BETWEEN THE ENLIGHTENMENT AND REVOLUTION
Orchestre Symphonique de Montréal - Kent Nagano, Music Director
ANALEKTA's catalogue already features seven of Beethoven's nine symphonies performed by the Orchestre Symphonique de Montréal, under the direction of Maestro Kent Nagano. The Canadian label is now releasing the famed composer's complete nine symphonies, together in a 6 CD box-set: Between The Enlightenment and Revolution. Produced by the OSM, this complete set of Beethoven's symphonies is the result of several years of work and effort. With its 56-page booklet, this multiple album set reflects a significant period of Beethoven's life, between 1800 and 1830.
While the world slowly deteriorates in different ways under the legacy of the Enlightenment, obscure forces push Men towards new avenues. In the set's message of introduction, Kent Nagano writes: "It was for this "new humanity" that Beethoven composed his music, and in it he saw his duty as an artist and the ultimate truth of his art. The idea of this new humanity, a new society and a new way forward, inspired him and dictated the inner programmatics of his musical thoughts even as they emerged from his pen." What is suggested here is to rediscover Beethoven's symphonic masterpieces through the panorama of an era filled with fundamental changes. The core of the message is captured in powerful themes and images through these six scenes (6 CDs).
Beethoven's complete symphonies, 6 different scenes - The first scene, Departure – Utopia (CD 1), showcases all the energy and tumult of this new man, a man looking towards the future. These are the First and Seventh Symphonies; larger-than-life works that unfold with all their orchestral strength. They contrast with the following scene, The Poetry of Freedom (CD 2), consisting of Symphonies No 2 and No 4, where the peaceful strength seizes the listener. In Gods, Heroes and Men (CD 3), Beethoven's Symphony No 3, or "Eroica", brings the listener back into the turmoil. This theme is accentuated by excerpts from Beethoven's one and only ballet, The Creatures of Prometheus Op. 43, a titan who is condemned to being tortured for having stolen the sacrificial fire. The fourth scene, Ideals of the French Revolution (CD 4), which proves to be just as agitated, is the backdrop to Symphony No 5 ("The Destiny"). Excerpts from Egmont Op. 84 depicting the story of Goethe, a man condemned to death for having shown defiance to the authorities, performed here by soprano Adrianne Pieczonca, also showcase the power that comes with the belief of freedom. If the previous scenes point to a new order emerging from chaos, the more contemplative fifth scene puts the universal ideas of time and place into perspective. In the Breath of Time (CD 5) questions the universe, nature and environmental awareness through Symphonies No 6 ("Pastoral") and No 8.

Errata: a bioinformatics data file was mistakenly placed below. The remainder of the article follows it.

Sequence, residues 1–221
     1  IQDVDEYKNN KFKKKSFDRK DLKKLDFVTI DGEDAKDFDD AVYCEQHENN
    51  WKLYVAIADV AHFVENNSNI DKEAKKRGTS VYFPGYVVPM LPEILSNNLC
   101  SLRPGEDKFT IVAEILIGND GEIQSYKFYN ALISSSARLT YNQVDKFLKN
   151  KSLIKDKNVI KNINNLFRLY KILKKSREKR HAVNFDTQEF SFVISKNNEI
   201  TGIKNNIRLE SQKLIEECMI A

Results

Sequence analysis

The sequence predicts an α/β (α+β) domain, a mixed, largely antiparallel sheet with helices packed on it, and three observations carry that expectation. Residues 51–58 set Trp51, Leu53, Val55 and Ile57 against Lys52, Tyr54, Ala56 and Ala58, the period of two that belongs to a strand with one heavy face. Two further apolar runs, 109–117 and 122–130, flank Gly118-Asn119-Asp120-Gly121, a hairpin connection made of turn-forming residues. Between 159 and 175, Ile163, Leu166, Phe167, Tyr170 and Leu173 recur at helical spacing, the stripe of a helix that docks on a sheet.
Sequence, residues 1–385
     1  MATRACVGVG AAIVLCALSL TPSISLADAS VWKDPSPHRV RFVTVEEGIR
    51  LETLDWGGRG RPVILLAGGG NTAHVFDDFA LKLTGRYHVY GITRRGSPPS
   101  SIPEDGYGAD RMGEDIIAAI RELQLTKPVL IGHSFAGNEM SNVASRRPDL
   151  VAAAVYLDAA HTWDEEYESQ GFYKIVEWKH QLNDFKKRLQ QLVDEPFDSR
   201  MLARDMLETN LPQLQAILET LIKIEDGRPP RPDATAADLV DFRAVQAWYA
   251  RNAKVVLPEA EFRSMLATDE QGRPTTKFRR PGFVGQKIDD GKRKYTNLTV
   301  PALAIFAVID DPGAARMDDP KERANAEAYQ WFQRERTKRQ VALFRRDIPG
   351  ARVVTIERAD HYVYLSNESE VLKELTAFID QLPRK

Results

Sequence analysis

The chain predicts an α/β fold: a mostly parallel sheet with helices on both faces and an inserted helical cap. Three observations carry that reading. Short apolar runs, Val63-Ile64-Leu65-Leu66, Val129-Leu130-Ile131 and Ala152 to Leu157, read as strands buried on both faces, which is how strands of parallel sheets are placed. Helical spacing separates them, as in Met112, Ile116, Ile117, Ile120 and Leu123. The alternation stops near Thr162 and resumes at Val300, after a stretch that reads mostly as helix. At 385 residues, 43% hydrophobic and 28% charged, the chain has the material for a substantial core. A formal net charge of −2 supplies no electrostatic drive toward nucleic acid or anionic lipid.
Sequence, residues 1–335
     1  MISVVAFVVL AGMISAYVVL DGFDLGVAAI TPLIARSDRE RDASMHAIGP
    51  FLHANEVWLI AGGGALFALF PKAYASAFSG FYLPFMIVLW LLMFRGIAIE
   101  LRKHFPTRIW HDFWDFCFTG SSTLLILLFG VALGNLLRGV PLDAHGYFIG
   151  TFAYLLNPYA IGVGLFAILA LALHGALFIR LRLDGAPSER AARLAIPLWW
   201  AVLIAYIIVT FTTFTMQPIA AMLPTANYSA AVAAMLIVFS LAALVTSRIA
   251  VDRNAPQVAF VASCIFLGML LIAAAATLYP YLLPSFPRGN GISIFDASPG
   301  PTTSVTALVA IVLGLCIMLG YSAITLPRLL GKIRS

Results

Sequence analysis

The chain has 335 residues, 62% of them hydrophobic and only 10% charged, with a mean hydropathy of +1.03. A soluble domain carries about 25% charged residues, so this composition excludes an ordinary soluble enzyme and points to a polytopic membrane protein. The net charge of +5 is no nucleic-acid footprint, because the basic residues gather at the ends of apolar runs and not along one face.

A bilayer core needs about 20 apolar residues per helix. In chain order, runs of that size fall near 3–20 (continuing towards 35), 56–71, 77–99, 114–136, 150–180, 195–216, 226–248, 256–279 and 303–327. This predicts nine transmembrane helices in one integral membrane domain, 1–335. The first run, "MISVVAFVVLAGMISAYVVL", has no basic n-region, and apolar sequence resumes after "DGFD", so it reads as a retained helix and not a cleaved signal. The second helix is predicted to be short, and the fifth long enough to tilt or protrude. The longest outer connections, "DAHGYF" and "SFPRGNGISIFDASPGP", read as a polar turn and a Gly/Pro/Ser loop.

In the sixth scene, the colossal Symphony No. 9 with its "Ode to Joy" rounds off the cycle in all its glory on Human Misery, Human Love (CD 6). Highlighting the idea of freedom, the listener can hear the extraordinary performances of five of the most prominent soloists in the world, sopranos Adrianne Pieczonka and Erin Wall, mezzo-soprano, Mihoko Fujimura, tenor Simon O'Neill and bass Mikhail Petrenko.
Through his symphonies, Beethoven has given a new dimension to orchestral music, forever changing how we listen to music. This is what this box-set attempts to show. By showcasing the unique orchestral qualities of each symphony, Kent Nagano, along with the OSM, delivers all the depth and intensity of their message; a message that will remain universal.
The Orchestre symphonique de Montréal, conducted by Maestro Kent Nagano,is adding another collection of complete recordings to its extensive catalogue of 19th-century French music by recording for the first time the three violin concertos of Camille Saint-Saëns, performed with special flair by OSM concertmaster Andrew Wan and recorded during concerts given at Maison symphonique de Montréal in November 2014. The composition process of these concertos stretched over a little more than twenty years. A great friend of Camille Saint-Saëns', Pablo de Sarasate was the dedicatee and first performer of the first and third concertos, while French violinist Achille Dien premiered the second in 1860 at Paris's Salle Érard. This recording is made possible thanks to the generous support of Mr. David B. Sela.